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TrustPower alters wind farm stance  

TrustPower has abandoned its envelope approach to the Mahinerangi wind farm and has indicated where turbines will be sited.

But the power company still wants to decide how many turbines it will erect at the site.

At the Environment Court hearing on the wind farm in Dunedin yesterday, TrustPower counsel Les Taylor told the court the company’s approach had been amended to reflect specific locations for the proposed turbines.

Each of a maximum 100 turbines would be sited within a 100m radius of an indicated position.

TrustPower previously said it wanted the flexibility to build turbines anywhere within the 1723ha development area, excluding locations not considered for ecological and archaeological reasons.

Mr Taylor said, outside court, the court had reservations about the development envelope approach, and TrustPower decided to present a more detailed and concrete approach.

Judge Jeff Smith commented throughout the hearing the court found it difficult to interpret the envelope approach.

The new plan presented also included positions for earth fill and roading.

Mr Taylor said the more detailed plan would not change the evidence, as evidence was presented by TrustPower on a worst-case scenario basis.

TrustPower does not want to decide on the exact number of turbines until nearer construction, because of changing technology and more turbine models coming on to the market.

Planner Dave Serjeant, of Auckland, completed the evidence for TrustPower yesterday, and said the envelope approach was common, although he had not seen it applied to a large application such as the Mahinerangi wind farm. He said the new approach made the effects of the project much more certain.

Mr Serjeant said the Clutha District Council plan supported this development and was ahead of its time. The district plan supported renewable energy.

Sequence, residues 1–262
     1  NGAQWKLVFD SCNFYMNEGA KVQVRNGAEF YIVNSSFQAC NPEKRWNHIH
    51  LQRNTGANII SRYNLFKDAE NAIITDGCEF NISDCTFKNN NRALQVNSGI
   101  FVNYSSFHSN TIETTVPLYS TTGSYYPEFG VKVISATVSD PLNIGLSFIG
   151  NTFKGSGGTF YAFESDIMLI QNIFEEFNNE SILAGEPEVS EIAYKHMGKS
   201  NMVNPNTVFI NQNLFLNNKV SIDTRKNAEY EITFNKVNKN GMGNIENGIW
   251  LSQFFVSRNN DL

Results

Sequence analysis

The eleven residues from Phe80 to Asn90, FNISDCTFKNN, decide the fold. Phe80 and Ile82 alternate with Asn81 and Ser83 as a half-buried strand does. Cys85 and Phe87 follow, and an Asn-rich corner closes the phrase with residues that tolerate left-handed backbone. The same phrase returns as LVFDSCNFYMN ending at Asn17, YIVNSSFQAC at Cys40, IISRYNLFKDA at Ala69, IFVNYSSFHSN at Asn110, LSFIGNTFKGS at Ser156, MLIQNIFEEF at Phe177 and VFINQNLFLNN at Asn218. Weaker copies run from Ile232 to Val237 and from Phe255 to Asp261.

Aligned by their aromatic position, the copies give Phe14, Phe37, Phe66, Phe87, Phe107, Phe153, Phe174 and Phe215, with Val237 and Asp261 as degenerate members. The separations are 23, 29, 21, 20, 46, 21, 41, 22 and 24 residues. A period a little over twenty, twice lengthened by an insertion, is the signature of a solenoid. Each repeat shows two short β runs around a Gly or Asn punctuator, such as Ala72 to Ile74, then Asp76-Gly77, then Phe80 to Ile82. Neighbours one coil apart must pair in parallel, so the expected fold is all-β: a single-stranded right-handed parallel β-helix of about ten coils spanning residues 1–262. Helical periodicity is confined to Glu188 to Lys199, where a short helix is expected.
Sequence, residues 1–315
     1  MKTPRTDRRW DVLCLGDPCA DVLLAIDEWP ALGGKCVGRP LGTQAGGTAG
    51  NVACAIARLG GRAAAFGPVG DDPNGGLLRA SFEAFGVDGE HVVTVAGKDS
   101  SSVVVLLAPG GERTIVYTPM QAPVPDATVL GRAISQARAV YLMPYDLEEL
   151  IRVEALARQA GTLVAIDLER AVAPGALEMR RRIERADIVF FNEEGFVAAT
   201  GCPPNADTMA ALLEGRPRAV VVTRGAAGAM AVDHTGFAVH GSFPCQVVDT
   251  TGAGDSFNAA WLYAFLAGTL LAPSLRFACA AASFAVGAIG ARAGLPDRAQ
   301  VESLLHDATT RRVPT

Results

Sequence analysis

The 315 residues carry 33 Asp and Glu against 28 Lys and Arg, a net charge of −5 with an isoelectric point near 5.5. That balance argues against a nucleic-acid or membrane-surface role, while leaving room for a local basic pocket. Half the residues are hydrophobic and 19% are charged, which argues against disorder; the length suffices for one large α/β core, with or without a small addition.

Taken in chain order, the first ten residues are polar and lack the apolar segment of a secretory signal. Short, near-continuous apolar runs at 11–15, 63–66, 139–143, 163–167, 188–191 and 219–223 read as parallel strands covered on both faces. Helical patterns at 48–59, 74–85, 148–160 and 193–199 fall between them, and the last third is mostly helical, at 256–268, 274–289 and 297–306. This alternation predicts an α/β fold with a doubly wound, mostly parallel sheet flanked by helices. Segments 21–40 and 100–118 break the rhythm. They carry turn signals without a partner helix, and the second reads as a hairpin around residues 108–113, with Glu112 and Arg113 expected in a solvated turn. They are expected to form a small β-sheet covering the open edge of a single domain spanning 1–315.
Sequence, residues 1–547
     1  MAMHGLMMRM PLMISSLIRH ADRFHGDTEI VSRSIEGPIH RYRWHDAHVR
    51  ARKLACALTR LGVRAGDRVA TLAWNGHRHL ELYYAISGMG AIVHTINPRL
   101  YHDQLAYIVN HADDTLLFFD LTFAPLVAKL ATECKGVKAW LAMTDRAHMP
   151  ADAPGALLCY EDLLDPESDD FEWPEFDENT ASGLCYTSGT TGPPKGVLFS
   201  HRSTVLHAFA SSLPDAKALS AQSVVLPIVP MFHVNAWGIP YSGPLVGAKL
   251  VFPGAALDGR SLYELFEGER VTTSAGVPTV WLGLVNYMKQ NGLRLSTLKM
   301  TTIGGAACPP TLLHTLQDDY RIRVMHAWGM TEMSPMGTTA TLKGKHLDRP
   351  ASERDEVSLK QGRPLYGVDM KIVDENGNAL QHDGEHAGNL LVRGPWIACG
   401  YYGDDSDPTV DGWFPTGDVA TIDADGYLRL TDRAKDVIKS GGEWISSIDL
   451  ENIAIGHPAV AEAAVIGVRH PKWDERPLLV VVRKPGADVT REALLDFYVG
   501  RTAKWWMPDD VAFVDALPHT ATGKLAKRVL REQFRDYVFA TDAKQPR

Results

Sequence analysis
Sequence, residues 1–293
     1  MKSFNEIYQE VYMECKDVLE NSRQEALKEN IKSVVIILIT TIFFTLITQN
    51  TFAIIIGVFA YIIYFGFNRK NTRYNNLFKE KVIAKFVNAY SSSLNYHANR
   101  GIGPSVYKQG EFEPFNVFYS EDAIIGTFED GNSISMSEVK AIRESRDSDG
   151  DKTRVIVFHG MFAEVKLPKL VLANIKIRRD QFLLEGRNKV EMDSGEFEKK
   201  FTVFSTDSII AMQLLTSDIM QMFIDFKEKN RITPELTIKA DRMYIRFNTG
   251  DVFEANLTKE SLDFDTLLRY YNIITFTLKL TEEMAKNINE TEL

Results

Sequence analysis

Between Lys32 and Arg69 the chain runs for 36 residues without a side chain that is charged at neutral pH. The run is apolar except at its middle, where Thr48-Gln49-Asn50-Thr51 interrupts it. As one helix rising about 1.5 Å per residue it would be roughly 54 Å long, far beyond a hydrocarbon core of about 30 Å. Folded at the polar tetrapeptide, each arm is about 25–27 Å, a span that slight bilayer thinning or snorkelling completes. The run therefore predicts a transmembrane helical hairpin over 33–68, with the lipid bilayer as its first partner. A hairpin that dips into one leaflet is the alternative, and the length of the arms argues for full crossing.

He said visual simulations produced by TrustPower were thorough, and people would notice the turbines first and not access roads.

People were provided with enough information, he said He said most people would not ‘‘rate highly’’ the need to have access to wind data when considering the prospects of the wind farm. It was up to Trust-Power to look at wind data.

Upland Landscape Protection Society co-ordinator Ewan Carr said considering how much knowledge TrustPower had acquired of the site, he wondered why the company could not be more specific about the proposal.

Mr Serjeant said TrustPower was unlikely to intensify the site.

Counsel for the Clutha District Council Phil Page said roads sought by TrustPower could be built as a permitted activity under the district plan Similar-sized roads for forestry were being built near the proposed road.

The Clutha District Council would conclude its evidence today, before the Upland Landscape Protection Society presented its evidence.

By Steve Hepburn

The Otago Daily Times

13 May 2008

This article is the work of the source indicated. Any opinions expressed in it are not necessarily those of National Wind Watch.

The copyright of this article resides with the author or publisher indicated. As part of its noncommercial effort to present the environmental, social, scientific, and economic issues of large-scale wind power development to a global audience seeking such information, National Wind Watch endeavors to observe “fair use” as provided for in section 107 of U.S. Copyright Law and similar “fair dealing” provisions of the copyright laws of other nations. Send requests to excerpt, general inquiries, and comments via e-mail.

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